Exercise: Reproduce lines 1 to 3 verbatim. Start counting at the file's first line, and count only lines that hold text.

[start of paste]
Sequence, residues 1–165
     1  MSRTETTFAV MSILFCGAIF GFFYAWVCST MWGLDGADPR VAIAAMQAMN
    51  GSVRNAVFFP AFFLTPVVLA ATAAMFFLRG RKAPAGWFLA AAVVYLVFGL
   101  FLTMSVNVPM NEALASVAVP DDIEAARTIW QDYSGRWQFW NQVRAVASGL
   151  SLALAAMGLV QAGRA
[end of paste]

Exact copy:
Sequence, residues 1–165
     1  MSRTETTFAV MSILFCGAIF GFFYAWVCST MWGLDGADPR VAIAAMQAMN
    51  GSVRNAVFFP AFFLTPVVLA ATAAMFFLRG RKAPAGWFLA AAVVYLVFGL